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Britain’s Johnson races Brexit clock as deadline looms

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British Prime Minister Boris Johnson faces two crucial Brexit votes Tuesday that could decide if he still has a reasonable shot at securing his EU divorce by next week’s deadline.

The UK is entering a cliffhanger finale to a drama that has divided families and embittered politics ever since voters backed a split from Britain’s 27 EU allies and trading partners in 2016.

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Johnson has set himself a very high bar by promising that he will get Brexit done — “do or die'” — by the twice-delayed October 31 departure date.

The Conservative leader now hopes parliament gives initial support to a Brexit bill that translates the revised withdrawal agreement he struck with Brussels last week into UK law.

He then hopes the lower House of Commons commits to passing the entire legislation in three days — a heavy lift for a 110-page text designed to unwind 46 years of intricate EU-UK ties.

Failure in either of Tuesday’s votes could deliver a potentially devastating blow to Johnson that will probably see the process prolonged again.

Parliament has already forced Johnson to request a three-month extension that European leaders will consider once they get a clearer picture of how the battles in parliament play out.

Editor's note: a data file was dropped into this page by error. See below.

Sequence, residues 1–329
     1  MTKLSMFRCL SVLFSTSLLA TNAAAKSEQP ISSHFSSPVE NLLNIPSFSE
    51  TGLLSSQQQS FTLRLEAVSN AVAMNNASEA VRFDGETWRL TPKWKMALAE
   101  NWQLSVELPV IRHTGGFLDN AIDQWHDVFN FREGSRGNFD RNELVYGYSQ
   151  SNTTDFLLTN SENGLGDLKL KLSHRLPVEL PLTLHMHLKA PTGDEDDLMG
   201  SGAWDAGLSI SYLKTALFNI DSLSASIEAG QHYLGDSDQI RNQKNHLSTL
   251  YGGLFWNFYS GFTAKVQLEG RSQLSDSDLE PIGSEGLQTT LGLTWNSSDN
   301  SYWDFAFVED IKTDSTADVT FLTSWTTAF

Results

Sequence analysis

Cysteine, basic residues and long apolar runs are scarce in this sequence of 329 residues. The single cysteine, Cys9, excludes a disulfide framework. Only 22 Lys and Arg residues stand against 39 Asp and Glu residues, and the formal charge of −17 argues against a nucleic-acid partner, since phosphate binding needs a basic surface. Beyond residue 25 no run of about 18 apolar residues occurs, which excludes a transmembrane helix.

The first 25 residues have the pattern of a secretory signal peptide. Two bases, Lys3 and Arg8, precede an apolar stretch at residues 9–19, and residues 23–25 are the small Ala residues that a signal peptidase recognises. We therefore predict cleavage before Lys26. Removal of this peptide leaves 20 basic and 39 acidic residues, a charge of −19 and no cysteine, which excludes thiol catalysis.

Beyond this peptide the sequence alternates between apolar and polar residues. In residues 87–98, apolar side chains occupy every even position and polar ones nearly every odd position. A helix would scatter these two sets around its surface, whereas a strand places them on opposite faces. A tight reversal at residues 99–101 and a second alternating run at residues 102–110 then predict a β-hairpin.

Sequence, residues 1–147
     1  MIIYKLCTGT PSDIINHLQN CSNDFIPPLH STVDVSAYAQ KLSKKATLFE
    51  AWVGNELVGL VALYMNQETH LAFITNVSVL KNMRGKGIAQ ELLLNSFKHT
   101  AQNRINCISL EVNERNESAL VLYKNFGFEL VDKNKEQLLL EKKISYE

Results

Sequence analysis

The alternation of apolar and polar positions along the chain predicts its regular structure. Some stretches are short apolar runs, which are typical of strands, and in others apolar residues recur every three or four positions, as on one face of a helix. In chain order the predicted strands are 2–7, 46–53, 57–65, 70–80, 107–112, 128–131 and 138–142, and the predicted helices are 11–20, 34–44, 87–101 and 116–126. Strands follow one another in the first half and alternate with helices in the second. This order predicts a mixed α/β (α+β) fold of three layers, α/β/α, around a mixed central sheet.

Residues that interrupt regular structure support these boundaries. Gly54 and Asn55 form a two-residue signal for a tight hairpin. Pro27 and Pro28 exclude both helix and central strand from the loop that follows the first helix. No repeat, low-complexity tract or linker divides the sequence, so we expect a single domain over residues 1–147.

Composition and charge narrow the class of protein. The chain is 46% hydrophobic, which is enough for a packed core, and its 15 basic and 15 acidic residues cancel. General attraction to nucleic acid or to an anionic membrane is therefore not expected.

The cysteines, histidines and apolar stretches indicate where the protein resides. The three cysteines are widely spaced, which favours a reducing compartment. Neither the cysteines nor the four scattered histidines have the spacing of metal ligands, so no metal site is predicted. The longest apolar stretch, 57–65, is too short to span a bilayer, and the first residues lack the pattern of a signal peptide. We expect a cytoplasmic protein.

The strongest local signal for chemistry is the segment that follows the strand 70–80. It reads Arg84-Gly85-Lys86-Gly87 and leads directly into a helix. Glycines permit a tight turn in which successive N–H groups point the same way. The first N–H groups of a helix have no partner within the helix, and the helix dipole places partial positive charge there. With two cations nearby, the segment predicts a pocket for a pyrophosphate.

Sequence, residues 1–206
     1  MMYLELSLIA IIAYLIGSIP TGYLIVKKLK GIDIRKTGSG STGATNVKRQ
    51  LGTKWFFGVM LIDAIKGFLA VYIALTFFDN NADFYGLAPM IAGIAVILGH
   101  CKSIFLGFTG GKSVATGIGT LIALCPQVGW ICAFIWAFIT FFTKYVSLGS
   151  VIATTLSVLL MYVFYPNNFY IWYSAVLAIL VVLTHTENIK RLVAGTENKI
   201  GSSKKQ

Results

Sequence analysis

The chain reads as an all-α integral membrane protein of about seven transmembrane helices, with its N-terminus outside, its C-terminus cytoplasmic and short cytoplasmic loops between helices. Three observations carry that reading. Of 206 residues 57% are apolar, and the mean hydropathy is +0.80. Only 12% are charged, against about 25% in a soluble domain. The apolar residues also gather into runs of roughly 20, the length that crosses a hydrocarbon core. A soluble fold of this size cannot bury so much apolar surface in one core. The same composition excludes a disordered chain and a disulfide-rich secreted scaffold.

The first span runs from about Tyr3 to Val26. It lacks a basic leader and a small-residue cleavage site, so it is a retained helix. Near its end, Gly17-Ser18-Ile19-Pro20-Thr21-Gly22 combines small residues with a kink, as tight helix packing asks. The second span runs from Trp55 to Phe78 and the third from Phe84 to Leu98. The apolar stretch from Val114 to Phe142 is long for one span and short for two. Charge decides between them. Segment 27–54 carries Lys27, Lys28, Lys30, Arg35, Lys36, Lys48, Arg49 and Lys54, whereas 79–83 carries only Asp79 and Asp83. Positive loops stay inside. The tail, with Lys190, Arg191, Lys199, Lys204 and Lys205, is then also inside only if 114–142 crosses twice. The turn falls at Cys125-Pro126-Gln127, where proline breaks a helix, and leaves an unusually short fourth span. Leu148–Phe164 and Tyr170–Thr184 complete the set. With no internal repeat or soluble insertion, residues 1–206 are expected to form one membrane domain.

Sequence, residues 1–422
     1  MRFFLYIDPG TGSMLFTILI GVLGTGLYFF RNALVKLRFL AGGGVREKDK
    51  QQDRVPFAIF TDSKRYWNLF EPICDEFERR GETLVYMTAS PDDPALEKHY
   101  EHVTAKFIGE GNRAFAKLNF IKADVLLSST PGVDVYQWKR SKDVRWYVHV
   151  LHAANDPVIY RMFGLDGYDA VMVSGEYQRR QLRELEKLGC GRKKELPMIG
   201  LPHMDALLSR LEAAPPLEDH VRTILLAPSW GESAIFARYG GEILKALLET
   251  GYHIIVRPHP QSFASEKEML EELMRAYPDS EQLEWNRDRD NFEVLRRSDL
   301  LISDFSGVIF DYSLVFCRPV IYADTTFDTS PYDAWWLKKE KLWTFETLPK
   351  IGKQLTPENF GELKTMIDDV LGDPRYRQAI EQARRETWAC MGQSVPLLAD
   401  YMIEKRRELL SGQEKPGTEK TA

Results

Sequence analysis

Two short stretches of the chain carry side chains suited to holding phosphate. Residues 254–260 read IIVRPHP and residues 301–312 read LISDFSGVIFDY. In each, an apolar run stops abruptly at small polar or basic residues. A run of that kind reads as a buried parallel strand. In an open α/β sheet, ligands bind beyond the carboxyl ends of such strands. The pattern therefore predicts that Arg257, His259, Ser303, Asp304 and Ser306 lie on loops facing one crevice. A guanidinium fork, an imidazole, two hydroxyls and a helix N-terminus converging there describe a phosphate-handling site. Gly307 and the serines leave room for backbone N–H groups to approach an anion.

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Outgoing European Commission President Jean-Claude Juncker said Tuesday the EU has “done all in our power” to assure an orderly divorce.

Extra time could allow opposition lawmakers to try and secure much closer future trade relations with the bloc than the firmer break envisioned by Johnson.

Pro-European Britons have also held massive rallies in London demanding a second Brexit referendum, which could allow for the result of the first to be overturned.

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A delay would give Johnson a fresh stab at an early election designed to give him the parliamentary majority needed to avoid these scenarios and get his legislation through.

– ‘Move on’ –

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And victory in both of Tuesday’s votes would by no means guarantee that Johnson will manage to get Britain out in the remaining eight days.

The main opposition Labour Party has vowed to fight the government’s attempt to ram through the legislation at breakneck speed.

UK PARLIAMENT/AFP / JESSICA TAYLOR Johnson has set himself a very high by bar by promising that he will get Brexit done — “do or die'” — by the twice-delayed October 31 departure date

A three-day process would still likely see Labour and its allies try to attach amendments that are unpalatable to the government.

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“Labour will seize every opportunity through the passage of the Withdrawal Agreement Bill to safeguard workers’ rights, protect our economy and ensure the people are given the final say,” the left-wing party’s finance spokesman John McDonnell wrote in the Daily Mirror newspaper.

“MPs have an opportunity to reject the false choice between Boris Johnson’s bad deal and no deal,” he wrote.

Government sources told The Daily Telegraph newspaper that Johnson could pull the bill if it gets weighed down with amendments his Conservatives cannot accept.

The same sources warned that Johnson would then try to call an “immediate” election that could be held as early as next month.

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Johnson said most Britons just wanted to get Brexit resolved.

“The public doesn’t want any more delays, neither do other European leaders and neither do I,” Johnson said Monday.

“Let’s get Brexit done on 31 October and move on.”

– ‘Repetitive and disorderly’ –